Just for fun the speaker cabinet I built from John's pencil sketch, John built the amp head. The acrylic legs were turned by a friend and the naugahyde was applied by Willis Hotrod.
I designed the guitar around an old tele neck and had help routing, soldering and doing the set up from talented buddies.

Thanks for everything,
Dale
 

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Frequency range is the low to high value that you can hear typically measured in Hz cycles. The human ear can hear 20hz to 20Khz. Instruments fall into a relative hz cycle range (audio frequency) that they can reproduce; certain instruments the hz cycle output (loudness of a particular tone) might be emphasized to support the instrument.


Guitar speakers support the guitar audio range frequency and bass heads support a bass's audio frequency response needs. So as I read above you are trying to drive a guitar speaker with a bass head for use with keyboards and vocals. They don't match up, so the results will be sketchy at best and if by some miracle it actually turns out to sound good it is only because you got lucky. I would be hesitant to build a speaker "system" with components that don't match well; your likelihood for success is low. I'd rather do the homework, understand frequency audio range, frequency boost, cabinet structure, quality of components and make an educated design spec. It is somewhat comparable to people who complain that their luxury car doesn't take cornering at fast speeds like their sports car. That's because the suspension on the sports car is vastly different than the suspension on a luxury car. They all have the same components (springs, shocks/struts, ball joints, etc.) but each one is built for a different purposes; the sports car can corner better at high speed because it is stiffer but rides rougher where the luxury car doesn't handle cornering as well but has a much smoother ride. A comparable theory goes toward speaker cabinet building. There is a folded horn design, bass reflex, sealed, etc.. Each one serves a different purpose and each one will yield different results audio results. Also, what should the size of the port be, 2", 3", 4"; how long should the tube be that is inserted in the port, 2", 6", 9"? And this is just the speaker cabinet design. Then there are the components: which type of speaker, what frequency response, what size speakers? So many variables. I've built a few dozen speakers cabinets and sourced components for them over the years; it's indeed a calculated science. Typically the type of speaker cabinet (enclosure) needed and its related specs (port size, tube size, if ported), type of enclosure to be assembled, cubic feet of the enclosure needed to support the speaker is based on the speaker to be used in the system and not the other way around.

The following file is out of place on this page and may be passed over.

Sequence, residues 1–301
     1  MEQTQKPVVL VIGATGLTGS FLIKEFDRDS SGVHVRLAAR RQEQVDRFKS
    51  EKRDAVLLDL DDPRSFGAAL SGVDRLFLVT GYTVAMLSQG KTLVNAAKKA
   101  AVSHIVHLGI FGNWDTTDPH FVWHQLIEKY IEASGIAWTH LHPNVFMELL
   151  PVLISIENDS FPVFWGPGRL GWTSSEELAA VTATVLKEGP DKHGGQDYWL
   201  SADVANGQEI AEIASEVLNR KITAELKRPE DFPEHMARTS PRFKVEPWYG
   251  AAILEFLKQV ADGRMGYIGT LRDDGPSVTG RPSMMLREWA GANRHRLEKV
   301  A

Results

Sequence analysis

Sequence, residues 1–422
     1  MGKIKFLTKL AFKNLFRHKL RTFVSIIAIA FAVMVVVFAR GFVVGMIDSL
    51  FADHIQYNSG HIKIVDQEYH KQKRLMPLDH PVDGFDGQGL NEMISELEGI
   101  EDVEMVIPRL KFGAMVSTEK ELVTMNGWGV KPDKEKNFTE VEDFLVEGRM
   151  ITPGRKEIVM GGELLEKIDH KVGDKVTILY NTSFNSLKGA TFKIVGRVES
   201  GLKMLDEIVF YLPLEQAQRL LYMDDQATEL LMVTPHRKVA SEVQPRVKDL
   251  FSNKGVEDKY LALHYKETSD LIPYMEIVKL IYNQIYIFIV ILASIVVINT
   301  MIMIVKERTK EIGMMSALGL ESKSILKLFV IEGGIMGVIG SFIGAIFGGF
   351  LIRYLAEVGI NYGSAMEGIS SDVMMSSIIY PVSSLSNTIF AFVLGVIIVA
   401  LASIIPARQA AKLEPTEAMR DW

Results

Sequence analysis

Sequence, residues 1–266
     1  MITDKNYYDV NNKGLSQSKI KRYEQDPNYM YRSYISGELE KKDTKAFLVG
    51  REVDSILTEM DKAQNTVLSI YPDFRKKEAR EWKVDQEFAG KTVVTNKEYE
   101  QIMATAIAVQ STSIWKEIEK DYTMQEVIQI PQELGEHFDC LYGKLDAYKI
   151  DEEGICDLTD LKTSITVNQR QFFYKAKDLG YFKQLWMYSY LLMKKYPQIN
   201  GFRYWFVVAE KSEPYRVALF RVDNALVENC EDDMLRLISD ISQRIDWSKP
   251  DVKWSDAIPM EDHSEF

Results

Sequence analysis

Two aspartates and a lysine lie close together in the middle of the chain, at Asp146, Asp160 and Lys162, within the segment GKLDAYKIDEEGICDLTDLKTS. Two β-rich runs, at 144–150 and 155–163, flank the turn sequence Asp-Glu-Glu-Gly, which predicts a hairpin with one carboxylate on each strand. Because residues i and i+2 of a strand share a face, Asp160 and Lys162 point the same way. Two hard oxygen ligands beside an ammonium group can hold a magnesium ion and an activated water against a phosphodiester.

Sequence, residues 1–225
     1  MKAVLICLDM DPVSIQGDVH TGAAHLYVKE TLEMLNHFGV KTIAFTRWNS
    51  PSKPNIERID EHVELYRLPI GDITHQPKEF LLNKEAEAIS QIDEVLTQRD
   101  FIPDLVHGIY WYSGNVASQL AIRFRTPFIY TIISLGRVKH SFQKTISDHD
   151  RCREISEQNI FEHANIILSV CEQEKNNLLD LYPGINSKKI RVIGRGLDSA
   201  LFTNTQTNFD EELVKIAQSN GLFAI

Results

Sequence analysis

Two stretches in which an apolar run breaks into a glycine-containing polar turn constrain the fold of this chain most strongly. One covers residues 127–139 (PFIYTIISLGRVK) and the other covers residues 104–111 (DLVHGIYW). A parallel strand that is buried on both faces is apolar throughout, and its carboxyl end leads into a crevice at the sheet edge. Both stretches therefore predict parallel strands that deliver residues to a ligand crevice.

This document may help you:


Again, based on what you're doing, bass head into a guitar speaker, and playing keyboards and vocals, the odds of miraculously getting it right are against you. Good Luck....
 
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Thanks delaware dave (and all) for the wise thoughtful time you've given me.
My thinking after your comments is to build two nice 50w guitar cabinets for my Jensens speakers and research a nice small amp/speaker combo for my keyboard.
I can't say thank you enough,
Dale